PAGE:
Alcohol sales at university sporting events growing, NC schools could benefit

Posted June 20

— As players collide and compete on the football field at North Carolina, NC State and Duke, alcohol is being served in select areas.

“We do serve alcohol in premium spaces and we'll continue to do that, but in the general public seating bowl, we have not discussed that and we're not pursuing it right now,” said UNC Athletics Director Bubba Cunningham.

“We have just kind of got into the alcohol availability in the premium section, in the tower at Wallace Wade,” Duke AD Kevin White noted. “Beyond that, we haven't had a whole lot of conversation.”

But don't be surprised if the sale of beer and wine expands to general sections in football and basketball soon.

“We've talked about selling wine and beer for years,” NC State AD Debbie Yow said. “I tend to think at some point in time that will happen. But there are requirements for state schools, a change in state legislation, so we would not go into that alone. We would want to partner with Chapel Hill and with East Carolina and with other schools.”

That change in legislation may not be too far-fetched as the laws surrounding alcohol in North Carolina are already starting to loosen.

A tweak to North Carolina law passed in 2013 allows for in-stands beer sales at professional events that seat more than 3,000 fans. The law previously called for 60,000 seats. And earlier this year, lawmakers offered a bipartisan bill that would allow alcohol sales at 10 a.m. on Sundays, moving it up from the current noon. That has since passed in both the House and Senate

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“At some point, we'll do a deep dive and see whether it makes sense to even consider it at a place like Duke,” White said. “I just don't know if we're going to get to that place. I dont' even know at the moment if that's something that we absolutely aspire to. But I can tell you this, we're going to study it.”

It's a process Wake Forest has already gone through.

"We took two or three years looking at it, studying it, looking at what other people have done to determine if it was applicable to Wake Forest or not," said Wake Forest AD Ron Wellman.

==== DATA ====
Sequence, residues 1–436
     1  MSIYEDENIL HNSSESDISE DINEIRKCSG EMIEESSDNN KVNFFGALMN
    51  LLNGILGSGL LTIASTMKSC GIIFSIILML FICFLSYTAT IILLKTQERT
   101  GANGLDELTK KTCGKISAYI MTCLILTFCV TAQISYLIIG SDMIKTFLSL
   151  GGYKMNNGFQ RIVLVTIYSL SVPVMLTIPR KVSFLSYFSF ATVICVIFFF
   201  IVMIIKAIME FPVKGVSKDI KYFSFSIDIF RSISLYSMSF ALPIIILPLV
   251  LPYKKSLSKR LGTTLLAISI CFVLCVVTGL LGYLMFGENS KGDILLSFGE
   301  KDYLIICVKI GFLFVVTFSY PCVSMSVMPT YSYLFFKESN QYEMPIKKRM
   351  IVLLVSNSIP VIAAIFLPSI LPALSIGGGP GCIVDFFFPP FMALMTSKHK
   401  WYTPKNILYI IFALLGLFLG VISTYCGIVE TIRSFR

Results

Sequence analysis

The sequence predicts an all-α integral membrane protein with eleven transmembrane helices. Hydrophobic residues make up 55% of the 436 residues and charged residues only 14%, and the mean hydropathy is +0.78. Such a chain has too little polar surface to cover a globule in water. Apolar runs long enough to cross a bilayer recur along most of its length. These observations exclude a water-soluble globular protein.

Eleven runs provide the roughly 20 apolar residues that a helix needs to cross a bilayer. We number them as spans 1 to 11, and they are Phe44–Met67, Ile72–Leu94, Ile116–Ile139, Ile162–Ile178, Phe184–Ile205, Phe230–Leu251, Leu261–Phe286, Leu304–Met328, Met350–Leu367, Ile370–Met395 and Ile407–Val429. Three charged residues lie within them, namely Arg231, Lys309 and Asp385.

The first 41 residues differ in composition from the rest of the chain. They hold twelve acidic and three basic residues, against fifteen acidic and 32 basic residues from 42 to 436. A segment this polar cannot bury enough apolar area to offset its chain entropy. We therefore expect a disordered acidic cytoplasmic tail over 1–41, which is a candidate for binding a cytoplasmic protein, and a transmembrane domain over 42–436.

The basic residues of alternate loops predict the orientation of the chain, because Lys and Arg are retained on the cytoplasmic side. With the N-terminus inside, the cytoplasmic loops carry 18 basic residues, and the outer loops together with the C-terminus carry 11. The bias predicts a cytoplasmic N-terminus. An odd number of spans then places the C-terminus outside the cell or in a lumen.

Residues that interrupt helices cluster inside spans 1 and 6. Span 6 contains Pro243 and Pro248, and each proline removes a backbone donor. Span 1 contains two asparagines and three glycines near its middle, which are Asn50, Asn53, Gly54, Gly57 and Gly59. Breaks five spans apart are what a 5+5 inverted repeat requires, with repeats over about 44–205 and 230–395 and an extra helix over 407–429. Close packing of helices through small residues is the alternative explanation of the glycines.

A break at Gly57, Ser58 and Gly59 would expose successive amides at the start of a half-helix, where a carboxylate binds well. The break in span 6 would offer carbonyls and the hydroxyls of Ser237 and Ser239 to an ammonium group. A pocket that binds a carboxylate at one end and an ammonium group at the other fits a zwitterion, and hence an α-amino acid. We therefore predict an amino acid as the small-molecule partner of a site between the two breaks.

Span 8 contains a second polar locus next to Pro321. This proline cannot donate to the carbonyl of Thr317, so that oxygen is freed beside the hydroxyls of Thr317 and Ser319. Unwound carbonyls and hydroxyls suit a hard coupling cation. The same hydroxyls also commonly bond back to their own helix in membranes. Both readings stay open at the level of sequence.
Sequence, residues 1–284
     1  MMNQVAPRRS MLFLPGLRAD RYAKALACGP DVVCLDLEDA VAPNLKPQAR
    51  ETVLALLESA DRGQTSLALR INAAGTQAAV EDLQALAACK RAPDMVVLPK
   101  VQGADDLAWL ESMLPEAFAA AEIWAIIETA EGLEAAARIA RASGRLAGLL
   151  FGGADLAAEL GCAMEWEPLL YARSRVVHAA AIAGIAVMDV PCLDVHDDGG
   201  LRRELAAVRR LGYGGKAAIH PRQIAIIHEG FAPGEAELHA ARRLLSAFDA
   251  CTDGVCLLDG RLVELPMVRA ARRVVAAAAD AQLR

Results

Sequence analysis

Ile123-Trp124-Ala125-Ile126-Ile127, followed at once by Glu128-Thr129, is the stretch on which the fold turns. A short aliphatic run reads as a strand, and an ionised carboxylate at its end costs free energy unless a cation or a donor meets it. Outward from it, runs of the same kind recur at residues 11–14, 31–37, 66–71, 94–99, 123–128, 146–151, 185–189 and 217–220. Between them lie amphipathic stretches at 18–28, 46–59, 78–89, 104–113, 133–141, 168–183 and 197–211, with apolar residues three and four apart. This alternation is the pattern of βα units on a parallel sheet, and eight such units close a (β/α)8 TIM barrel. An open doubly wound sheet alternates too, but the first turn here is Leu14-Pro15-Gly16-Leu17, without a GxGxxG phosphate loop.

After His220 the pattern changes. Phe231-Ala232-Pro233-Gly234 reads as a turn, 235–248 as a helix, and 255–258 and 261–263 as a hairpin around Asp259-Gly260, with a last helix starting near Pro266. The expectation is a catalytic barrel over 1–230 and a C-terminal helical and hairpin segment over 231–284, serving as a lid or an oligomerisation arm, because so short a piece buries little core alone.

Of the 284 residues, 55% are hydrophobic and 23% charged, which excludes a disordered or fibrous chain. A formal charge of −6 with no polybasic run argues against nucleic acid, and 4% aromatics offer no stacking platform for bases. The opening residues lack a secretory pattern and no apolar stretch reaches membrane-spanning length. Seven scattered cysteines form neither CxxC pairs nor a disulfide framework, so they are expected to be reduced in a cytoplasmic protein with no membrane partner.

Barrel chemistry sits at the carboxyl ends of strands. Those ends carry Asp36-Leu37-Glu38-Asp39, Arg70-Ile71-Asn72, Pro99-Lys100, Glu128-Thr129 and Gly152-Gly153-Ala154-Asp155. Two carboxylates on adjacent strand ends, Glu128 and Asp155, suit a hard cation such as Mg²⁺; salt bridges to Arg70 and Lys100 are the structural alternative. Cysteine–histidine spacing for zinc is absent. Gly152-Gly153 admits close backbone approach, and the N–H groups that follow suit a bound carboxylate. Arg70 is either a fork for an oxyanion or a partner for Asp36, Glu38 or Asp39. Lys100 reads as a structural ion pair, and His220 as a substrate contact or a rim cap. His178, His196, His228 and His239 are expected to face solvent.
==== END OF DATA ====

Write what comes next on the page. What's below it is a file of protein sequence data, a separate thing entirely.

Eventually, the vote went to a wide sampling of representatives from across the campus.

“I thought it would be a very controversial topic,” Wellman added. “We had over 50 people on a couple of different boards at that meeting and they voted for it unanimously, which shocked me.”

Wake Forest began serving in restricted areas, but now serves in the open arena. So does Louisville, Syracuse and Miami of the ACC. The ACC football conference championship game began serving beer in 2015 and basketball and baseball championship events followed in 2016.

West Virginia began to sell and serve alcohol at football games in 2011 and basketball games in 2015. Their primary reason was to cut down on binge drinking. Since then, the university has seen a drastic cut in alcohol related altercations.

Colorado State was one of the first to sell beer at football games, having opened it up to the general public more than 30 years ago. A 2016 story by the Coloradoan stated that in a six-game home schedule, the stadium had just four alcohol related incidents.

For the 2017 season, about 40 football stadiums will serve beer in common areas – nearly 1/3 of all FBS schools.

The NCAA does not allow alcohol sales at championships events with the exception of the College World Series and the Women’s College World Series, which began serving in 2016. The NCAA also does not allow alcohol companies to advertise at their events.

Of course, there is money involved. How much revenue can be generated by the sale of alcohol to the general public at games?

“I think our AD brethren would suggest somewhere between $200,000 and $300,000 every year,” Yow said.

Other reports put that number much higher.

A report in 2016 said that West Virginia made about $600,000 from beer and wine sales that season at football games alone. The same report offered that Texas, whose football stadium seats more than 100,000, made $1.8 million.

At Colorado State’s new on-campus stadium, popular brewery New Belgium will have naming rights to a pavilion in the endzone where fans can watch the game with the brand’s beer. That came with a $4.3 million price tag for New Belgium that went directly to the university.

Colleges and universities are trying to figure out new revenue streams, and the sale of alcohol has been gaining strength. While the practice may not be imminent for North Carolina's public universities, it seems to only be a matter of time.


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  • Thomas Williams Jun 23, 11:26 a.m.
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    Thought the NCAA prohibited selling alcohol at their sanctioned events.

  • Scott Spaine Jun 21, 6:00 a.m.
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    The "elite" making laws to benefit the privilaged. Once again those in the cheap seats are snubbed. Either serve to all or not at all.

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